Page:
The workshop was a form of audition, enabling us to select the      we explored the essence of air, the subject of the piece, and tested
cast for our production. This was an excellent opportunity to see      our creative tools for works for babies. Furthermore, we focused
the artists in action, get to know them and learn some of their        on social and cultural aspects of creating performances for fami-
thoughts, preliminary assumptions, expectations, and ideas about       lies with infants within the very specific context of the country
theater for babies. We accepted four candidates for a second           and era in which they live and grow up. It was greatly significant
qualification and finally created the performance with two tal-        to me to share a comprehensible method of creating performanc-
                                                                                                                                        23
es for the very young and to inspire the artists in their creative       set, and the breathing of the accordion and of the dancers as an
research. Most of all, I wished to convey to the whole team the          essential element of the soundscape and the choreography, en-
importance of treating their audience seriously and building an          hanced by balloons attached to dancers’ bodies. The set design is
artistic dialog. Finally, I wanted to emphasize that art for babies      neither complicated nor extensive; its essential elements are ma-
can be a great answer to our adult questions about the human             terials that became a sort of onstage partner for the performers.
global condition today.                                                  A transparent curtain, dividing the stage into two sections, moves
                                                                         whenever the dancers start to move. The elastic material con-
                                                                         necting the dancers’ bodies at the beginning of the performance
                                                                         creates wind and influences the whole choreographic sequence.
                                                                         So do the balloons that fly and dance, defining the stage set, while
                                                                         also motivating the audience to participate.

                                                                         “KUUKI” – Concepts of participation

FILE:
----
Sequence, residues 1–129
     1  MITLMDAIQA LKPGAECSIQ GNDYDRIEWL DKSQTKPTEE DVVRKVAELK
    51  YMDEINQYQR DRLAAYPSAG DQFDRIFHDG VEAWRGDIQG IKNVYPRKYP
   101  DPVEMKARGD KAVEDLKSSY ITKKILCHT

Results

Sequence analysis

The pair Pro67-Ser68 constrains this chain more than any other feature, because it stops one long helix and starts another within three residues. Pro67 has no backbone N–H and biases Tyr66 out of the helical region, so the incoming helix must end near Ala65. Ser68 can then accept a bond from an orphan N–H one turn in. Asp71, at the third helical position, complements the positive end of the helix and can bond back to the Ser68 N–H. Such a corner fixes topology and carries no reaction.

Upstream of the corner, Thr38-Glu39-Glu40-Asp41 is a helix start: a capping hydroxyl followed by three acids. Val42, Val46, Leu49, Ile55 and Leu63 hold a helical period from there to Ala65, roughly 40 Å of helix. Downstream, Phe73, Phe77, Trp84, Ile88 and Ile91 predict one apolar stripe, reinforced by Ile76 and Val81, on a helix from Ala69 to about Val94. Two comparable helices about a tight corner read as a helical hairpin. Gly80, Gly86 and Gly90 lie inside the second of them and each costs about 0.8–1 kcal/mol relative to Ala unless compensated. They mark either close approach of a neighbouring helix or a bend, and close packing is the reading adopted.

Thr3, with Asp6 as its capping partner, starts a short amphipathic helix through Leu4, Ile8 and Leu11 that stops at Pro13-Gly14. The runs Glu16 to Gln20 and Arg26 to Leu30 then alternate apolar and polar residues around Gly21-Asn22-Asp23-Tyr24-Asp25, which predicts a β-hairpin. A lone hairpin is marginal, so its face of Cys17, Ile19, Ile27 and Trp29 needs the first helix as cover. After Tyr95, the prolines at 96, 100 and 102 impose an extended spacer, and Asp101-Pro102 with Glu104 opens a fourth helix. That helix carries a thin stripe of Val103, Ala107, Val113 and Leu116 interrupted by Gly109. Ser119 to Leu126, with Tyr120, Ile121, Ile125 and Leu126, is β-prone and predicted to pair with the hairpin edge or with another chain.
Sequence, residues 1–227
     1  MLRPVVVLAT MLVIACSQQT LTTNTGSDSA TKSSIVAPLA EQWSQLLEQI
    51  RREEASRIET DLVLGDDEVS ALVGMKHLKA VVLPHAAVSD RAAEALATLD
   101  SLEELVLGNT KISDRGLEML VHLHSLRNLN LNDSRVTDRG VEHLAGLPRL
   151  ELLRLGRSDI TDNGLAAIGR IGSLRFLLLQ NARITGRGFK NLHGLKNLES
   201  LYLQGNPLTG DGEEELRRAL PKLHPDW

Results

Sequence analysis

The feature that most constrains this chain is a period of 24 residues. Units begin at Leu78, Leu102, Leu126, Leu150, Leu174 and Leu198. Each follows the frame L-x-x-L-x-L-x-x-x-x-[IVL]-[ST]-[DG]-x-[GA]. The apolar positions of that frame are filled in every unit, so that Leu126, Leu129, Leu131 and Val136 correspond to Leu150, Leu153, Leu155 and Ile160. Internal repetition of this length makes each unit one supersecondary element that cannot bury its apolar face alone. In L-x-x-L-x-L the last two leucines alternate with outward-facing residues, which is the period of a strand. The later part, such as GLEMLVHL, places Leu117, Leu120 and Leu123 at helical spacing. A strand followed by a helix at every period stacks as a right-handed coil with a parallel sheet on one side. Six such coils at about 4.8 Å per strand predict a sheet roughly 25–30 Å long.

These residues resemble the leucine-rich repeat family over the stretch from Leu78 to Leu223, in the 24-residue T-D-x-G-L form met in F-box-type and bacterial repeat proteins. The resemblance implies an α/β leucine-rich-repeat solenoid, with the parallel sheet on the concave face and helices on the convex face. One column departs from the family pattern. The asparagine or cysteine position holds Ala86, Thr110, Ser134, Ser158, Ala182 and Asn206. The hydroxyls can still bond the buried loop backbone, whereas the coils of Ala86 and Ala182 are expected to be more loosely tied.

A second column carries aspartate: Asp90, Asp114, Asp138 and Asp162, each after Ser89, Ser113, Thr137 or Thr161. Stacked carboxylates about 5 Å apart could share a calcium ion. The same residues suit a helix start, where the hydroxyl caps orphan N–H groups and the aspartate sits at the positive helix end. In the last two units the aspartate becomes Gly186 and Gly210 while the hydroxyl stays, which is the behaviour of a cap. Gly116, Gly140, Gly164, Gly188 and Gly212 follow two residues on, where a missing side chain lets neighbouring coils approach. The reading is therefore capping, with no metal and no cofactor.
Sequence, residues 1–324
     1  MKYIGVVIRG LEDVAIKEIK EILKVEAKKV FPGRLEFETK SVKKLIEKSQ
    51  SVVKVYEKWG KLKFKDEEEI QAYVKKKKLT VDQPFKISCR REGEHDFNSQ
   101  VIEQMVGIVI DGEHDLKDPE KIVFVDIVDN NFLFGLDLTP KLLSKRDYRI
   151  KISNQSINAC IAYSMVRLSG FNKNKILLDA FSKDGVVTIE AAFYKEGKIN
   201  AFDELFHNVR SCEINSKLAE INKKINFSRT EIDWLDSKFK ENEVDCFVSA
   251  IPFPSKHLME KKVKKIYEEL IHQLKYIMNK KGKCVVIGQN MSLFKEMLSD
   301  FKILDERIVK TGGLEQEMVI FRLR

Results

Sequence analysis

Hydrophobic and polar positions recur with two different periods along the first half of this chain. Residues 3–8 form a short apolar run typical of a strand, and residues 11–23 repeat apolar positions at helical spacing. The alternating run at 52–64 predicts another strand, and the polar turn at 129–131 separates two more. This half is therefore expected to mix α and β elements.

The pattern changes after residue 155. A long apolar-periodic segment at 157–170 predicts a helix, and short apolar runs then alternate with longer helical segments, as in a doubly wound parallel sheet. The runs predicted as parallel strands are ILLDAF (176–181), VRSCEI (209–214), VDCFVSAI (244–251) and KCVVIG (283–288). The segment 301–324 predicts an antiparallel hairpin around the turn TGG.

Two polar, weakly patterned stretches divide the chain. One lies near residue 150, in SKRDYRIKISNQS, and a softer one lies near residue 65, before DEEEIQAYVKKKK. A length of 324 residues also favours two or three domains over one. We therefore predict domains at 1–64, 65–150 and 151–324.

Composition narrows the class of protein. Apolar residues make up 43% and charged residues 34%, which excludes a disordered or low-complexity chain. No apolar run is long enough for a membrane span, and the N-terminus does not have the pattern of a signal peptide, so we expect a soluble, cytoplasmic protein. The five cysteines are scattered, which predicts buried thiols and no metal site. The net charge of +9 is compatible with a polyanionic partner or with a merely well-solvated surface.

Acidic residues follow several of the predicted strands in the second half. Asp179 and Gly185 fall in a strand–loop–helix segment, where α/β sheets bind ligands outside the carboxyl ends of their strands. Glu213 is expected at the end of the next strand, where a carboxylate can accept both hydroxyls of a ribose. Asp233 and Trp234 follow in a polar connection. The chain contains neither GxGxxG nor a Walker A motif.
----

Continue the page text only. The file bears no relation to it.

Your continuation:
Everyone – from young to old – experiences it daily, yet air con-
                                                                         stantly mystifies us with its elusiveness and invisibility, enchants
                                                                         us with the promise of buoyancy, allures us with the possibility of
                                                                         flight and twirling. The dancers and musician of “KUUKI” draw the
                                                                         viewers along on a search for the materiality of this very fleeting
                                                                         element. They invite the air to be touched, felt, heard and experi-
                                                                         enced by the audience. Artists, babies, and their caretakers look to
                                                                         each other for mutual inspirations. Movement, sound, and image
                                                                         are filled with air. Thus, the “kuuki” became one of the actors shar-
                                                                         ing the stage with the audience.
                                                                             To make air more visible, we wanted to experiment with the
                                                                         children’s perception and focus. Thus, the first part (about twelve
“KUUKI” – Inspirations                                                   minutes) is a choreographed dance sequence, during which the
For the initial process of developing “KUUKI”, I considered the          audience is asked to watch, rather than act. This does not mean
cross-cultural context in which we would be working. Moreover,           that the performers reject interaction. However, to build a certain
I searched for a theme that could connect us all, regardless of our      tension, anticipation and curiosity about the world behind the
experience, country of origin and age. The solution was banal            curtain, we ask parents to sit with their children on pillows in the
and very ambiguous at the same time: The air is essential to all         seating area. After the curtain has opened, the performers invite
of us. My production development preparations coincided with             the families to explore the hidden world of the aspects of air. The
a difficult period of high air pollution and an increasing problem       style of participation is entirely up to the viewers. They are not